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Tuesday, May 10, 2011

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The Philosopher's Toolkit is a great introduction to basic terminology (there's also The Ethics Toolkit if you're interested in moral philosophy). I second Dr. Vallicella's recommendation of Walton's text on informal logic (and I'll have to check out his other recommendations myself!). I also benefited from Flew's How to Think Straight. Hope that helps!

I would recommend Critical Thinking: A Concise Guide by Tracy Bowell and Gary Kemp for the basic of argumentation.

In my humble opinion, Dr. Vallicella draws extensively from work in the philosophy of language. Check out this IEP article for a good overview and bibliography.
http://www.iep.utm.edu/lang-phi/

You might enjoy Nicholas Rescher's What If?: Thought Experimentation in Philosophy. Rescher devotes some attention to aporetic clusters, which you'll likely be familiar with if you read this blog. Here is a preview. Cheers!

One of the tools that Dr. Vallicella uses quite often is the "aporetic cluster". I think it is one of the best ways to quickly get to the heart of a matter. You can find an excellent explanation of this technique, along with many examples of its use, in The Strife of Systems: An Essay on the Grounds and Implications of Philosophical Diversity by Nicholas Rescher.

As for reading in analytical political philosophy, one of the best introductory books on the market is "Contemporary Political Philosophy: An Introduction" by Will Kymlicka. Though it is broadly egalitarian in its content, it will at least give you an understanding of what is popular in academic political philosophy these days.

I would recommend. The Broadview Guides to Philosophy. If you're interested in analytic philosophy in particular, essential is Eric Steinhart's More Precisely: The Math You Need to do Philosophy.

I second David Parker's recommendation to read up on philosophy of language, because that's where you can get most of the analytic techniques in use today, aside from logic. Martinich's anthology, The Philosophy of Language, contains many of the classics: Frege, Russell, Strawson, Quine, Tarski, Grice, Searle, Putnam, Kripke, Kaplan, etc. (If you have institutional access to JSTOR you can download many of the articles.) If you go on to do a grad program in philosophy, you have to read these folk anyway, so you will be getting a head start.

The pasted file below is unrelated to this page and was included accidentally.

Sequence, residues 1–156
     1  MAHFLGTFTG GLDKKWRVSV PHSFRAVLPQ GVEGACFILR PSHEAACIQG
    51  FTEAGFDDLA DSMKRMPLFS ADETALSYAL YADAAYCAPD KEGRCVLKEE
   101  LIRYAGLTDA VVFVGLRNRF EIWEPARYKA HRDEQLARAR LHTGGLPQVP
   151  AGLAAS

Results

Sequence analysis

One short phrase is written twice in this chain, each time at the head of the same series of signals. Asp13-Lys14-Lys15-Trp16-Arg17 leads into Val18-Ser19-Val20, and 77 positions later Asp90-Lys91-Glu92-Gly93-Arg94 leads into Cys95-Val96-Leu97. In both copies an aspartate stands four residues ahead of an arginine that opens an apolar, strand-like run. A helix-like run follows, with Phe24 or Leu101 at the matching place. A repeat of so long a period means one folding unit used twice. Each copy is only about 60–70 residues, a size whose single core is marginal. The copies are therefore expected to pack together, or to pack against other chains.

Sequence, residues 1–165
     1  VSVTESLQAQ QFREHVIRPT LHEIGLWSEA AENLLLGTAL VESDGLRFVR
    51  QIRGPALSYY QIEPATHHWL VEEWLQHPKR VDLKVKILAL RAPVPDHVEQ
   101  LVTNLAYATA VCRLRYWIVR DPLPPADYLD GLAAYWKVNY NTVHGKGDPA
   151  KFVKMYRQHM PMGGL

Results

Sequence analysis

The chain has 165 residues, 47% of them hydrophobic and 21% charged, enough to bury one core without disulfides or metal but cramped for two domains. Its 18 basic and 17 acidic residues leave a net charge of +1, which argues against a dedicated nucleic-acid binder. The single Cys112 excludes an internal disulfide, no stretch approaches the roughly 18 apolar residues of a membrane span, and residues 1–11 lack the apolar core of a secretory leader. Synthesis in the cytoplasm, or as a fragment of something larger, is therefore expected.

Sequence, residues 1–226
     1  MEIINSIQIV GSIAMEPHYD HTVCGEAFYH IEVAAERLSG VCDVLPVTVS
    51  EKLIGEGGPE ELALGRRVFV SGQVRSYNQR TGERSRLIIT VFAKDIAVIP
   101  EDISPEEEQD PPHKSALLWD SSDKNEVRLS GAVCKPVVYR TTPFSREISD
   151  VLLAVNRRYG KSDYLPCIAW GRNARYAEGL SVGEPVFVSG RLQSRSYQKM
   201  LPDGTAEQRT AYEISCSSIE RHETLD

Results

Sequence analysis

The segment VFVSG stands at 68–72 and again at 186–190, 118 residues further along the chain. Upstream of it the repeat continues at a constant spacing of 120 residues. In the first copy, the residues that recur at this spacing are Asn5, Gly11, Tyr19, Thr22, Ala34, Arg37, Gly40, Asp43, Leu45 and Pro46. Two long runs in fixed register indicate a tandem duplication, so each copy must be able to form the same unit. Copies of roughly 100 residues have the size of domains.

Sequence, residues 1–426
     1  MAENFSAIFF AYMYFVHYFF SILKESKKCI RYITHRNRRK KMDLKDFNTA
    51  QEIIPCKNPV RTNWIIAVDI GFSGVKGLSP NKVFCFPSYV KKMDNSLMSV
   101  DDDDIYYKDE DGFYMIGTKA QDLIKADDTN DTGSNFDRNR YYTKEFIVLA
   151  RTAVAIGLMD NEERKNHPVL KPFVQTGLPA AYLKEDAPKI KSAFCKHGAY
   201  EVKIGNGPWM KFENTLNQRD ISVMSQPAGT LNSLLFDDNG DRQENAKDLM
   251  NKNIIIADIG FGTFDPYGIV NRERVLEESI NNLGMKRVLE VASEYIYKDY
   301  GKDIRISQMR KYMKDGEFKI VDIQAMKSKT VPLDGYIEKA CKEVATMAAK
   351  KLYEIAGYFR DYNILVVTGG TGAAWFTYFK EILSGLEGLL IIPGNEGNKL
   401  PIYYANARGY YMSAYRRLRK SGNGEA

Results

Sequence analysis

Since you are interested in political philosophy, you may want to get acquainted with the analytical tools most often used in it: rational choice theory and game theory. These tools have their limitations, and Robert Paul Wolff has an excellent introduction to these subjects in a tutorial made available on his blog, which you can find by googling. Like Bill, Wolff is an elegant writer, so you will enjoy the read.

Coffey (Louvain insitute) Science of Logic (2 vols), Epistemology (2 vols), Ontology. Joyce, Principles of Logic, Principles of Natural Theology. You can get all that stuff from www.archive.org.

http://www.archive.org/download/thescienceoflogi01coffuoft/thescienceoflogi01coffuoft.djvu

http://www.archive.org/download/thescienceoflogi02coffuoft/thescienceoflogi01coffuoft.djvu

http://www.archive.org/download/ontology00coffuoft/ontology00coffuoft.djvu

http://www.archive.org/download/epistemologycoff01coffuoft/epistemologycoff01coffuoft.djvu

http://www.archive.org/download/epistemologycoff02coffuoft/epistemologycoff02coffuoft.djvu

http://www.archive.org/download/principleslogic00joycuoft/principleslogic00joycuoft.djvu

http://www.archive.org/download/principlesofnatu00joycuoft/principlesofnatu00joycuoft.djvu

Thanks for the suggestions. Robert Paul Wolff's blog is here: http://robertpaulwolff.blogspot.com/

Thanks again! I've already checked out _The Practice of Philosophy: A Handbook for Beginners_ by Rosenberg.

Jonah,

Good. Rosenberg is tendentious and I'm not endorsing all of what he says. Read it critically, as he no doubt would want you to.

I also agree with Martinich The Philosophy of Language. It has absolutely all the required reading and more, and is quite cheap.

Martinich is excellent. Used it in a Phil. of Lang. course I taught.

I found the following valuable:

Introduction to Objectivist Epistemology by Ayn Rand

Objectivism: The Philosophy of Ayn Rand by Leonard Peikoff

How Ideas Work: Think with Conviction Act with Confidence by Kent Worthington

The Logical Leap: Induction in Physics by David Harriman

I also recommend a treatise that elaborates the Objectivist epistemology called "How We Know" by philospher Harry Binswanger. Unfortunately, it has not been published yet. So far I've read only a draft of it early last year. So I guess that it will be available within a few years.

Binswanger commented here a couple of years ago. His book would be worth reading.

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